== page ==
3. Bluetongue Modified Live Virus Vaccine (USDA: 1061.00)
a. Manufacturer:
Colorado Serum Company
b. Vaccine Ontology ID:
VO_0001816
c. Type:
Live vaccine
d. Status:
Licensed
e. Location Licensed:
USA
f. Host Species for Licensed Use:
Sheep
4. BoHV-4-A-IgK-VP2gD
a. Vaccine Ontology ID:
VO_0004686
b. Type:
Recombinant vector vaccine
c. Status:
Research
d. Host Species for Licensed Use:
Cattle
e. Preparation
BoHV-4-based vector cloned as a bacterial artificial chromosome (BAC) was engineered to express the bluetongue virus (BTV) immune-dominant glycoprotein VP2 provided of a heterologous signal peptide to its amino terminal and a trans-membrane domain to its carboxyl terminal (IgK-VP2gDtm), to allow VP2 expression targeting to the cell membrane fraction (Franceschi et al., 2011).
f. Immunization Route
Other
g. Mouse Response
  • Host Strain: α/β interferon receptor knockout (IFNAR(-/-)) mice
  • Vaccination Protocol: IFNAR(-/-) mice intraperitoneally inoculated twice with BoHV-4-A-IgK-VP2gDtm at different time points.
  • Vaccine Immune Response Type: VO_0000287
  • Immune Response: Mice eveloped serum neutralizing antibodies against BTV .
  • Side Effects: A pre-challenge experiment was performed to test BoHV-4 safety on adult α/β interferon receptor knockout (IFNAR(-/-)) mice, a newly generated bluetongue laboratory animal model. BoHV-4 infected IFNAR(-/-) mice did not show clinical signs even following the inoculation of BoHV-4 intra-cerebrally, although many areas of the brain got transduced (Franceschi et al., 2011).
  • Challenge Protocol: a lethal dose of BTV-8 as used for challenge (Franceschi et al., 2011).
  • Efficacy: Vaccinated mice showed a strongly reduced viremia and a longer survival time after challenge (Franceschi et al., 2011).
5. rCPV-BTV-Cpox
a. Vaccine Ontology ID:
VO_0004788
b. Type:
Recombinant vector vaccine
c. Status:
Research
d. Host Species for Licensed Use:
Baboon
e. Preparation
BTV recombinant capripoxviruses (BTV-Cpox) individually expressing four different genes encoding two capsid proteins (VP2 and VP7) and two non-structural proteins (NS1, NS3) of BTV serotype 2 (BTV-2) (Perrin et al., 2007).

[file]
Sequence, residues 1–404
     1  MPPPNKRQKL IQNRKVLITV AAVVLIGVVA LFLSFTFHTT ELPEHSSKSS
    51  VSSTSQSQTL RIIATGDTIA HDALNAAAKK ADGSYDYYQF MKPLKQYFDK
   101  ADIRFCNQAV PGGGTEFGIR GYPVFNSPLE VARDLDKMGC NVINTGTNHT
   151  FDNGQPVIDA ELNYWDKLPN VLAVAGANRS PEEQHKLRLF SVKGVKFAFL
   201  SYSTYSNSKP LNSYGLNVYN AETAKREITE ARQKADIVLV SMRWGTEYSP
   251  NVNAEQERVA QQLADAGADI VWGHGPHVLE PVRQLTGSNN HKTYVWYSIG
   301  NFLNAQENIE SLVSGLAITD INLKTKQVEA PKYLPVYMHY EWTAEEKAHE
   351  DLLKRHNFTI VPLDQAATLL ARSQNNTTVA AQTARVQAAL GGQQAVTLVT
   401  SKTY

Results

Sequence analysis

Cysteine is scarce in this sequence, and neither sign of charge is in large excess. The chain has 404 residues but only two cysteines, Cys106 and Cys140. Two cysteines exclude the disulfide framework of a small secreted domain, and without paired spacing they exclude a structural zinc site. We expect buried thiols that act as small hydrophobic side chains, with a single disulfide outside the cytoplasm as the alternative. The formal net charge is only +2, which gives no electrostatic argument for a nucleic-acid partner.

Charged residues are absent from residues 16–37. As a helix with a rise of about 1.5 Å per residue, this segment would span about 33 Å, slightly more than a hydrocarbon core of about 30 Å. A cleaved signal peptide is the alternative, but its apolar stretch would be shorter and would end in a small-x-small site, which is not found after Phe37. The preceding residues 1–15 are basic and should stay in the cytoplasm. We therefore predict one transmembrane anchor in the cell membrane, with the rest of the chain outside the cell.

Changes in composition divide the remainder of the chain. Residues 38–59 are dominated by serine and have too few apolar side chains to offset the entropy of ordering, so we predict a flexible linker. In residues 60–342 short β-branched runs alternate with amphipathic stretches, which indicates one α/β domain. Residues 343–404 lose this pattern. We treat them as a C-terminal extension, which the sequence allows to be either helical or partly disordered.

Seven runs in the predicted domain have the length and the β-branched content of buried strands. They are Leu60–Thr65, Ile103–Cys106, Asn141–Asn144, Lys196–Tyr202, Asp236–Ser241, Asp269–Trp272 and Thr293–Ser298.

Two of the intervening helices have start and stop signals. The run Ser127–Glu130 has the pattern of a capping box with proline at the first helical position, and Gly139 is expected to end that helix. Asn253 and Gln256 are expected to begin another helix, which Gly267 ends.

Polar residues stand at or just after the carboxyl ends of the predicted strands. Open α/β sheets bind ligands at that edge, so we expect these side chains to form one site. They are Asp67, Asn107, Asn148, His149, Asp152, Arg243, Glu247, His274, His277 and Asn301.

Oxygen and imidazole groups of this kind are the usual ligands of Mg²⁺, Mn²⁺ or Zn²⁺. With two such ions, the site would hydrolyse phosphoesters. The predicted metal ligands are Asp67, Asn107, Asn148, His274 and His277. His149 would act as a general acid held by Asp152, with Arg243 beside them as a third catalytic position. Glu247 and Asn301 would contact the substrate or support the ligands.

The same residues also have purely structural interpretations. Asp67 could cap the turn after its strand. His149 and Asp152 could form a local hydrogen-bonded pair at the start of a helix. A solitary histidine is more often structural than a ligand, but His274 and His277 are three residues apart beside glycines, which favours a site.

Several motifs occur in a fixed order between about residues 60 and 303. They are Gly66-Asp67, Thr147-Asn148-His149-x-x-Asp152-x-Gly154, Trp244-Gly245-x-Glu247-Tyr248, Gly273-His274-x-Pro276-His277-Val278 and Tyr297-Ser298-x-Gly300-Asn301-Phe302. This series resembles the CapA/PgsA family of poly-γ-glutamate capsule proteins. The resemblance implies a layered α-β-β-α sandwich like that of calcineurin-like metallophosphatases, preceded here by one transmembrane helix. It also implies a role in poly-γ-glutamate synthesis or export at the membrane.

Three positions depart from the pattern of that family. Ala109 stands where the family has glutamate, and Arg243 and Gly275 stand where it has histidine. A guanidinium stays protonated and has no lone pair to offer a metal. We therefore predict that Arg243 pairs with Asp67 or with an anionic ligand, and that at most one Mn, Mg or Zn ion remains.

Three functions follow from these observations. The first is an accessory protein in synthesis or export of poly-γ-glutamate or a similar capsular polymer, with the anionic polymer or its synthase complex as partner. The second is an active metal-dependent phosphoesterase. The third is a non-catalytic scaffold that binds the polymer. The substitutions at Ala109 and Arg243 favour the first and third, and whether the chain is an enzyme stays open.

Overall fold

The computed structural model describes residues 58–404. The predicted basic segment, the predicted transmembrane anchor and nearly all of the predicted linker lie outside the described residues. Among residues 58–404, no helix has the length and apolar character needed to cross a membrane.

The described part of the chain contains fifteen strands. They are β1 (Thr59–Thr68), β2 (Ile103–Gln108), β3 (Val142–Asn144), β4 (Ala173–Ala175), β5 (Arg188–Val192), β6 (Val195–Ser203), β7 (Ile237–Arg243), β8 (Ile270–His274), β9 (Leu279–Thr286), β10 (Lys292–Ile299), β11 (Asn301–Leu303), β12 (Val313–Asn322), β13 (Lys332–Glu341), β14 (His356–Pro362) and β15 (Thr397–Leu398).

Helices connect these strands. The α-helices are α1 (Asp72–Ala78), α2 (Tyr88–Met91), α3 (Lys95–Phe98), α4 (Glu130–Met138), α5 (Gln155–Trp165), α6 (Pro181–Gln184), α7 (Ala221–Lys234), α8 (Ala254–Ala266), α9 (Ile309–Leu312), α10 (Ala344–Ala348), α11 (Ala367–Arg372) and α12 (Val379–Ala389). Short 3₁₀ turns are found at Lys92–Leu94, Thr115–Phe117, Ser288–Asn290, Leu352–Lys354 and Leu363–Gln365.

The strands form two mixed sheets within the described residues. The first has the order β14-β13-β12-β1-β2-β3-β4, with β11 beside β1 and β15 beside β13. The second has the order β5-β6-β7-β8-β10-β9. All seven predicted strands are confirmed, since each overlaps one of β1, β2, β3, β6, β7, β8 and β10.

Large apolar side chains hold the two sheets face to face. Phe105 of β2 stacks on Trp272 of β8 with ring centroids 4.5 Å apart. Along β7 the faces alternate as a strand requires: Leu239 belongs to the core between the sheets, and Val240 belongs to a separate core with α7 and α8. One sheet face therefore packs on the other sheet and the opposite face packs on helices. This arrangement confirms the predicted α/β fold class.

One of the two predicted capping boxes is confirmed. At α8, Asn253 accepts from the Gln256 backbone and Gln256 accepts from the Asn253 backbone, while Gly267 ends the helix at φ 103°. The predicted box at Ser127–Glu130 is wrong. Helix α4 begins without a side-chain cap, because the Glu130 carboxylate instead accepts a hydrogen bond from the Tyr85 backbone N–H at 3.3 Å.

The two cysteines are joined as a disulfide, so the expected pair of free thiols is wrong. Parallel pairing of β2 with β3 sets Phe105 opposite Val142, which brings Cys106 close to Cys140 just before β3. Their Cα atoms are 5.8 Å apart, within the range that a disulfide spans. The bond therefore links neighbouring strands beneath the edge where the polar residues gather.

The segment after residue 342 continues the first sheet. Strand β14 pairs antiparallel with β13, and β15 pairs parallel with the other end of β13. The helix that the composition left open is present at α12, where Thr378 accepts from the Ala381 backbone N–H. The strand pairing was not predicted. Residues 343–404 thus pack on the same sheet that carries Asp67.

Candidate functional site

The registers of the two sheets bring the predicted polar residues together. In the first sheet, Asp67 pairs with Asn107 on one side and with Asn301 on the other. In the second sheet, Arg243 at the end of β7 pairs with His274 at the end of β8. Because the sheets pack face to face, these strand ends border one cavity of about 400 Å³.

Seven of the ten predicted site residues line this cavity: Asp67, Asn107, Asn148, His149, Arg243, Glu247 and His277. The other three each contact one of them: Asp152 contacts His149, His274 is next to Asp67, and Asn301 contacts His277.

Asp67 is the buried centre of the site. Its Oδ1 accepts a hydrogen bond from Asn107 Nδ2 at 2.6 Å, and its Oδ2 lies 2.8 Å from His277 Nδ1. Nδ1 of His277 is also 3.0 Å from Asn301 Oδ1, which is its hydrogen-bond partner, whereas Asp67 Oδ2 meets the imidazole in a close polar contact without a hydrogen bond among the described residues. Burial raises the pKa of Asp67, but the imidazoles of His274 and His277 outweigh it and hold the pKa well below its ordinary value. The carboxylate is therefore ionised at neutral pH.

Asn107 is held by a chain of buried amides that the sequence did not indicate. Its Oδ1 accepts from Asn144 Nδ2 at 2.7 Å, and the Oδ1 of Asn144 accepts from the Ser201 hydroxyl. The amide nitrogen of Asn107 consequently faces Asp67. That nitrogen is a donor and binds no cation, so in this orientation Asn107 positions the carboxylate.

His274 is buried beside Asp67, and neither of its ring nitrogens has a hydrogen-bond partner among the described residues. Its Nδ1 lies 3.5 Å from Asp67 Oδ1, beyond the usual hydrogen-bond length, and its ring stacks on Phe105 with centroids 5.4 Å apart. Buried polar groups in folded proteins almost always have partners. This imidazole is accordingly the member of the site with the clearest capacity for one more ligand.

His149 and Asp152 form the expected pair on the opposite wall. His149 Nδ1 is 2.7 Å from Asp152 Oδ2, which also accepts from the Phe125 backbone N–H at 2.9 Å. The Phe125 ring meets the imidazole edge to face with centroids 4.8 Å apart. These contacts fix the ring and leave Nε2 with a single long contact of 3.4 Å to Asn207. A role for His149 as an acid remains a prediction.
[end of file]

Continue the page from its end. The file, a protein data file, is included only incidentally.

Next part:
f. Immunization Route
Intramuscular injection (i.m.)
g. Sheep Response
  • Vaccination Protocol: Sheep were immunized with BTV recombinant capripoxviruses (BTV-Cpox) (Perrin et al., 2007).
  • Vaccine Immune Response Type: VO_0000287
  • Challenge Protocol: The sheep were challenged with a virulent strain of BTV-2 (Perrin et al., 2007).
  • Efficacy: Sheep challenged 3 weeks after BTV-Cpox vaccination exhibited partial protection (Perrin et al., 2007).
6. SG33-VP2/5
a. Vaccine Ontology ID:
VO_0004706
b. Type:
Recombinant vector vaccine
c. Status:
Research
d. Host Species for Licensed Use:
Sheep
e. Preparation
MYXV expressing the immunodominant VP2 protein (SG33-VP2) (Top et al., 2012)
f. Immunization Route
Other
g. Sheep Response
  • Vaccination Protocol: Sheep were injected twice with an MYXV expressing the immunodominant VP2 protein (SG33-VP2) (Top et al., 2012).
  • Vaccine Immune Response Type: VO_0000287
  • Immune Response: The SG33-VP2 vector promoted the production of neutralising antibodies (Maclachlan et al., 2009).
  • Efficacy: The SG33-VP2 vector expressing VP2 partially protected sheep against disease after challenge with a highly virulent strain of serotype-8 bluetongue virus (BTV-8) (Top et al., 2012).
III. References
1. Boone et al., 2007: Boone JD, Balasuriya UB, Karaca K, Audonnet JC, Yao J, He L, Nordgren R, Monaco F, Savini G, Gardner IA, Maclachlan NJ. Recombinant canarypox virus vaccine co-expressing genes encoding the VP2 and VP5 outer capsid proteins of bluetongue virus induces high level protection in sheep. Vaccine. 2007; 25(4); 672-678. [PubMed: 17059856].
2. Franceschi et al., 2011: Franceschi V, Capocefalo A, Calvo-Pinilla E, Redaelli M, Mucignat-Caretta C, Mertens P, Ortego J, Donofrio G. Immunization of knock-out α/β interferon receptor mice against lethal bluetongue infection with a BoHV-4-based vector expressing BTV-8 VP2 antigen. Vaccine. 2011; 29(16); 3074-3082. [PubMed: 21320537].
3. Maclachlan et al., 2009: Maclachlan NJ, Drew CP, Darpel KE, Worwa G. The pathology and pathogenesis of bluetongue. Journal of comparative pathology. 2009; 141(1); 1-16. [PubMed: 19476953].
4. Perrin et al., 2007: Perrin A, Albina E, Bréard E, Sailleau C, Promé S, Grillet C, Kwiatek O, Russo P, Thiéry R, Zientara S, Cêtre-Sossah C. Recombinant capripoxviruses expressing proteins of bluetongue virus: evaluation of immune responses and protection in small ruminants. Vaccine. 2007; 25(37-38); 6774-6783. [PubMed: 17669563].
5. Top et al., 2012: Top S, Foucras G, Deplanche M, Rives G, Calvalido J, Comtet L, Bertagnoli S, Meyer G. Myxomavirus as a vector for the immunisation of sheep: protection study against challenge with bluetongue virus. Vaccine. 2012; 30(9); 1609-1616. [PubMed: 22244980].
6. Wiki: Bluetongue: Wiki: Bluetongue [http://en.wikipedia.org/wiki/Bluetongue]